UPDATE1: Top court rules investigation using GPS without warrant illegal
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The Supreme Court on Wednesday ruled it illegal for police to collect global positioning data without a warrant in investigating a man over theft cases in western Japan between 2012 and 2013.
The 15 members of the top court's Grand Bench ruled that collecting data using the global positioning system invades privacy and therefore constitutes a mandatory investigation, which requires investigators to obtain warrants.
But the court also raised doubts about utilizing the existing verification warrant for such an investigation technique, underscoring that new legislation is necessary to cover it.
It sentenced the defendant, 45-year-old Katsushi Iwakiri, who had admitted to stealing, to five years and six months in prison, endorsing lower court rulings.
The legality of warrantless surveillance had been disputed in Iwakiri's trial as the police were found to have installed 16 GPS tracking devices to vehicles of the man and others over a period of roughly six months without obtaining a warrant. Investigators searched for the location of one of the devices over 1,200 times.
The defense counsel claimed such investigations seriously violated privacy and called for new legislation on warrants as the current system cannot cover it.
Prosecutors argued the GPS use was legitimate as it falls under the same category as a stakeout or tailing, which require no warrants. They said during the top court hearing that even if the investigation is seen as mandatory, investigators only need to obtain verification warrants under the current system.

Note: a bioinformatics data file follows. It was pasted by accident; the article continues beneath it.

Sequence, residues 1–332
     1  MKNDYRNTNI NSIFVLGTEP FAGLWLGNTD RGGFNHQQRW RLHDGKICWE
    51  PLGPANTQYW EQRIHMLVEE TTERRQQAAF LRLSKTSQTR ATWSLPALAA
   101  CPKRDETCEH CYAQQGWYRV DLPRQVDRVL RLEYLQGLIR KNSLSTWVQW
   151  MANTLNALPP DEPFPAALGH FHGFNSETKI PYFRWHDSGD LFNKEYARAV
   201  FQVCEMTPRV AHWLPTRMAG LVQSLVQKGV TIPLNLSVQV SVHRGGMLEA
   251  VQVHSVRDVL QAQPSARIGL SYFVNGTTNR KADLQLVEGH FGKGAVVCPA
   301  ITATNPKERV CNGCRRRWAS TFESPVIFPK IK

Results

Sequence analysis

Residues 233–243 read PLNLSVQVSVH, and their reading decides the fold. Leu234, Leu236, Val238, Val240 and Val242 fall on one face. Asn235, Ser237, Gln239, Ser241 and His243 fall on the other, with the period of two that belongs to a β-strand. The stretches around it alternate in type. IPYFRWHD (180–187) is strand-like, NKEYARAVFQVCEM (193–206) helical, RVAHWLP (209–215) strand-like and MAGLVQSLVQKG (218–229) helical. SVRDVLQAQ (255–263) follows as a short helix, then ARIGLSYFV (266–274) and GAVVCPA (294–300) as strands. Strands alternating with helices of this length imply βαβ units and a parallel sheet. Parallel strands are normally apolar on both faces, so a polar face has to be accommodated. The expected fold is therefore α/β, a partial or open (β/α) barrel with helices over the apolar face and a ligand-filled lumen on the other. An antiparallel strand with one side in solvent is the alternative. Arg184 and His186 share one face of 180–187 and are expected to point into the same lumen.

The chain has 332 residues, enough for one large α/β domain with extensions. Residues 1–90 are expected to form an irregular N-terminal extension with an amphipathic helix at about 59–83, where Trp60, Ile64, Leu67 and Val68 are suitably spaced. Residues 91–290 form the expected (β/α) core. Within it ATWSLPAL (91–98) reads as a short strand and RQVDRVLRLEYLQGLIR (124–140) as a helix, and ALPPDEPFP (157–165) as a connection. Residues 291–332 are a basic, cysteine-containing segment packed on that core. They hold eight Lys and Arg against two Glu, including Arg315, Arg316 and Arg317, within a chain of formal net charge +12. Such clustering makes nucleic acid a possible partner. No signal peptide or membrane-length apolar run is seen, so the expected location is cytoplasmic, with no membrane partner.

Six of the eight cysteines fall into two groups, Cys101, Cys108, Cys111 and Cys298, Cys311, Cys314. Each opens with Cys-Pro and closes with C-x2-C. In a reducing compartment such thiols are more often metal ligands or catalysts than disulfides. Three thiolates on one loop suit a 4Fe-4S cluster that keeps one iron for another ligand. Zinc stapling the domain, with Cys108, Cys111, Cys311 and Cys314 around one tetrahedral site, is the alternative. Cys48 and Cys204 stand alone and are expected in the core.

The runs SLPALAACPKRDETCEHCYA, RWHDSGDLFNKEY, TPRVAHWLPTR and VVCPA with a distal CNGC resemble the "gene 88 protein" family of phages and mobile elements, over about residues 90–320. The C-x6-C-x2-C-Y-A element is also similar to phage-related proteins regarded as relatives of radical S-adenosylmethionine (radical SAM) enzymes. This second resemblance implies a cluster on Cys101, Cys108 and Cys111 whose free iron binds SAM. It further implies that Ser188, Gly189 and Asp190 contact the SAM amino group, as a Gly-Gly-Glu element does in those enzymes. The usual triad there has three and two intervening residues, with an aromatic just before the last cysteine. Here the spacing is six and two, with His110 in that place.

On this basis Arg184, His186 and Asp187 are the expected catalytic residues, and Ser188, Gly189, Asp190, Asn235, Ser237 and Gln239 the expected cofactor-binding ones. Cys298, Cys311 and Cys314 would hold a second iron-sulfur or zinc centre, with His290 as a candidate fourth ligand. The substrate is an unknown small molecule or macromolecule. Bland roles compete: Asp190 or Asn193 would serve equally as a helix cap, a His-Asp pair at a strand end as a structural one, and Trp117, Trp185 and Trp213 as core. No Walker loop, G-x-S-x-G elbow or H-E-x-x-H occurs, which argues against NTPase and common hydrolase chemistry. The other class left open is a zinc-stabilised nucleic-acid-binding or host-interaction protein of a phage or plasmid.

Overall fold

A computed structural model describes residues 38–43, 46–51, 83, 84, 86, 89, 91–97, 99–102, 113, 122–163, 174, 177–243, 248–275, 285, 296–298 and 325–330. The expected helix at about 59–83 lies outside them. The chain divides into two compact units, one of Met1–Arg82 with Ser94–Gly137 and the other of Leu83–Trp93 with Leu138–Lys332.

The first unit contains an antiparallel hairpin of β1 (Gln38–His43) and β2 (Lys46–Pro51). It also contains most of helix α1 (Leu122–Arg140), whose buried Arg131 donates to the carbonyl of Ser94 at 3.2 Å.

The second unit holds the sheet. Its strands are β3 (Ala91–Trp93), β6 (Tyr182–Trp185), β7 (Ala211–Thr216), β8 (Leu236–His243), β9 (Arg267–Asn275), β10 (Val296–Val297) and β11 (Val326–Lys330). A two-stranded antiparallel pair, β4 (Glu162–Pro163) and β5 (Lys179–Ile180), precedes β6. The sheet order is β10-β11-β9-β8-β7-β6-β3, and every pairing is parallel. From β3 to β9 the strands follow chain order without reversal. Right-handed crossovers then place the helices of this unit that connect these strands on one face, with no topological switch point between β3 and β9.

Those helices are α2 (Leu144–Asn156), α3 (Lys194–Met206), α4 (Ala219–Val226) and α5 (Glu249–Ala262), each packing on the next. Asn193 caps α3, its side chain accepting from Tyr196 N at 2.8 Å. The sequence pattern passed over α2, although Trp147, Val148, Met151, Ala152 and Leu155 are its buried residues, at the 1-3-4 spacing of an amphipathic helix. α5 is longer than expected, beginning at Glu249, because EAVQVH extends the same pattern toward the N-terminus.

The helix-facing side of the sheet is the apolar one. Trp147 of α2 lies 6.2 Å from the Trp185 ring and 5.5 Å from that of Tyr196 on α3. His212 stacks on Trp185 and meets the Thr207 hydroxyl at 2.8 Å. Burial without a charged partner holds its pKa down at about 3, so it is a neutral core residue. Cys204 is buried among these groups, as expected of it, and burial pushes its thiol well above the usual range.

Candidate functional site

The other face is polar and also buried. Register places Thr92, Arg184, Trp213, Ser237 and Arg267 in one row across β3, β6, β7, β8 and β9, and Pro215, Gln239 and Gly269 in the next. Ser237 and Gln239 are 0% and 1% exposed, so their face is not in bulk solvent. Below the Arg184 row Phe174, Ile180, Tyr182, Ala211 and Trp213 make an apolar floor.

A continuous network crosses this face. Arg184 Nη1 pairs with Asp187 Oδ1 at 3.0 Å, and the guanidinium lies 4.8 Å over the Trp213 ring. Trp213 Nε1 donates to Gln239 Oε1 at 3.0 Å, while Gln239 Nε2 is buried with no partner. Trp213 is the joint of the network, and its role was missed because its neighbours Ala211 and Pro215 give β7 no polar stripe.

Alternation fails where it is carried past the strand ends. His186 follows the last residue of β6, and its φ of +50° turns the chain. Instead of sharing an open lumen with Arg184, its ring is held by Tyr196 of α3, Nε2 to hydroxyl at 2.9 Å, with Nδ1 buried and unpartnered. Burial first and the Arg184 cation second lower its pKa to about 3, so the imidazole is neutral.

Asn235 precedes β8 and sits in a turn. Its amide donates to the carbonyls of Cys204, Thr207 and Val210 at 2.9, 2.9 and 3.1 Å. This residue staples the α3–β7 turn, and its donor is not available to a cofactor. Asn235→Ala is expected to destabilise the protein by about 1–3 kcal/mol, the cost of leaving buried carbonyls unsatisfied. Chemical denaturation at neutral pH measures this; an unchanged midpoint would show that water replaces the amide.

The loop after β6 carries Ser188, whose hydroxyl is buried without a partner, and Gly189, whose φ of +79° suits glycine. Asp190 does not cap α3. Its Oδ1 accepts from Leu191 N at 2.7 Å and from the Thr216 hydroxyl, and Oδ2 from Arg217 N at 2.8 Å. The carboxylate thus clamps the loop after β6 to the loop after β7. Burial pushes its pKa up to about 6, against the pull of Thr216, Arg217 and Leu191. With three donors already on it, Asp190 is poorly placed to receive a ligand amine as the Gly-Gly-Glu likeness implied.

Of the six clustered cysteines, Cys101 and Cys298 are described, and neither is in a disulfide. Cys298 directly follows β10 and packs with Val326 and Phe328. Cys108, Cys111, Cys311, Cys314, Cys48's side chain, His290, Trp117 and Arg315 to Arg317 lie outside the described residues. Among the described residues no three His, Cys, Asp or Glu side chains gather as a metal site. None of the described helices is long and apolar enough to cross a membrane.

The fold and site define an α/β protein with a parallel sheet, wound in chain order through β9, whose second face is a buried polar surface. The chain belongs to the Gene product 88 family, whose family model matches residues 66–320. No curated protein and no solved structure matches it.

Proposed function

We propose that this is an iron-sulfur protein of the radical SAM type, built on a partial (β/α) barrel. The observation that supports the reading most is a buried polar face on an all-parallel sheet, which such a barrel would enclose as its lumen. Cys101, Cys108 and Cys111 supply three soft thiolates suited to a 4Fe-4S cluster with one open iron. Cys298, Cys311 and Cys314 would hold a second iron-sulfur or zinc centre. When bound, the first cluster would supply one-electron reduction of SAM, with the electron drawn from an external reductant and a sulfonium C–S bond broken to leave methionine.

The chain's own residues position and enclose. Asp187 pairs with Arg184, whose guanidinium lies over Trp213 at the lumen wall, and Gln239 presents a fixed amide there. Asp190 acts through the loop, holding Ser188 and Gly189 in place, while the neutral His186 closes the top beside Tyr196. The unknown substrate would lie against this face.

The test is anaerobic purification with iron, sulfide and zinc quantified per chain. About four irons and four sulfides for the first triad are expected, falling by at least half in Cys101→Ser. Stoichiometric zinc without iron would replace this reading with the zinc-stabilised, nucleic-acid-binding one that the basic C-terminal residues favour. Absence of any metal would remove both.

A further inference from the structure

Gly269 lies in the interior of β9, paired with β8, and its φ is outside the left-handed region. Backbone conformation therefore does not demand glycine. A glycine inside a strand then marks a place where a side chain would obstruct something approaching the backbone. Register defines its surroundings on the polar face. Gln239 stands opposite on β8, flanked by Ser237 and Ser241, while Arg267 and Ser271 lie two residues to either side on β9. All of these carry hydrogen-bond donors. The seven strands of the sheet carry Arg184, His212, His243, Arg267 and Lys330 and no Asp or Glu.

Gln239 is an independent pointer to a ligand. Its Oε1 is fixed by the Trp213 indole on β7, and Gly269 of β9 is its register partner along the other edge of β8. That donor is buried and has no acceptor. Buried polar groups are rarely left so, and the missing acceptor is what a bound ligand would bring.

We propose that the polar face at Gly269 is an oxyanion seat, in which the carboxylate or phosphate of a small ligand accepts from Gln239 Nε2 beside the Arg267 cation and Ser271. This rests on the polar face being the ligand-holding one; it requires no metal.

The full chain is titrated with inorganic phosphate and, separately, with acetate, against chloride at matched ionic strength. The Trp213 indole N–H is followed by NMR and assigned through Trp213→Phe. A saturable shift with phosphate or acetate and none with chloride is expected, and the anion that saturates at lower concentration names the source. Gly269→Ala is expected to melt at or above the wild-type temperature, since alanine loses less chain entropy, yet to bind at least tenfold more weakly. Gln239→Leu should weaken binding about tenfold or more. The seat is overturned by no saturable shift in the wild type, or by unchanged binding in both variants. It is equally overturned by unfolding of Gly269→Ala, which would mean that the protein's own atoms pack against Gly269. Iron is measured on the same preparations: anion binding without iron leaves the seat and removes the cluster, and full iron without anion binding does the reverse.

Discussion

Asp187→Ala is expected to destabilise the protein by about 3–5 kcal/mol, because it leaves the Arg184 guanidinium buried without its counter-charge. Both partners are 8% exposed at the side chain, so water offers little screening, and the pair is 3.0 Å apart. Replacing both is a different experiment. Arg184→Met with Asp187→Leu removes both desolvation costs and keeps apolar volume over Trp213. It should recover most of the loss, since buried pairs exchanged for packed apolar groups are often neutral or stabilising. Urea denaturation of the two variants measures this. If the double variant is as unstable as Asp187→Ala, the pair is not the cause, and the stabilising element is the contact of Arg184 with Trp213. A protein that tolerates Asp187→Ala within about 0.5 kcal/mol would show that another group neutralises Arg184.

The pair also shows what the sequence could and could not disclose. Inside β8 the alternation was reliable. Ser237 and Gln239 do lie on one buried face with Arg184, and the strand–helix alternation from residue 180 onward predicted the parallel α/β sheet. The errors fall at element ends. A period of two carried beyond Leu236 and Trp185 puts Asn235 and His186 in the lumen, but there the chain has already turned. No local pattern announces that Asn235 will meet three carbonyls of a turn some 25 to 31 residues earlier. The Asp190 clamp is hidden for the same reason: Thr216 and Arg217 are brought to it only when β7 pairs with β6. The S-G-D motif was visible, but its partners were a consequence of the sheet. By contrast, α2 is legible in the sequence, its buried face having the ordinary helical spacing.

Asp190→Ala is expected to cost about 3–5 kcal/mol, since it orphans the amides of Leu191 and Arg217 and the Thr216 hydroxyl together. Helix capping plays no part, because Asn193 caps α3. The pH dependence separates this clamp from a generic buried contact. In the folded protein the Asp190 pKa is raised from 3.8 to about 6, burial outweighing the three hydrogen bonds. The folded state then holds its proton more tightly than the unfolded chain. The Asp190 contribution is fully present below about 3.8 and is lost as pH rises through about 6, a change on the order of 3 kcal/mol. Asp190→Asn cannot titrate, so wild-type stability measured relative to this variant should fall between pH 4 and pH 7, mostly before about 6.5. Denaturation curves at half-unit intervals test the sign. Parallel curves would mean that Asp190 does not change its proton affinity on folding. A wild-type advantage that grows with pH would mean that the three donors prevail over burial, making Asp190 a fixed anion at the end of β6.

Lower courts were divided about the legality of the GPS use.
The Osaka District Court judged in June 2015 that the police's collection of GPS data without a warrant was illegal and struck out related evidence gathered in the investigation.
The Osaka High Court in March 2016 said it found no serious law violation in the investigation. But it did not refer to whether the police needed warrants to collect GPS data.
Generally, mandatory investigations, such as an arrest or a house search, require investigators to obtain a warrant and present it to the subject prior to the actions.
The Japan Federation of Bar Associations issued a statement in January that conditions and procedures for the use of GPS in investigations should be set.
The National Police Agency issued a notice in 2006 on GPS use in investigations, stating it can be used in investigating crimes such as serial thefts, organized crimes involving drug and firearms and kidnappings in which a swift crackdown is needed and tailing subjects is deemed difficult.
It also encouraged prefectural police nationwide in a notice in September to obtain a verification warrant in some cases.
In January, it was revealed the Chiba prefectural police obtained last year a verification warrant and put a GPS terminal on a vehicle and presented the warrant to the subject after the investigation in the first such case in Japan.
In the latest case, Iwakiri had not argued against the sentence itself from the first trial. He told Kyodo News prior to the top court ruling that he is ready to serve his term.
"I have fought (to the top court) because I just could not accept the way they investigated. I want the top court to correct the wrong," he said.
Iwakiri was arrested in December 2013 and indicted on suspicion of stealing vehicles and other items mostly in the Kansai region between February 2012 and September 2013.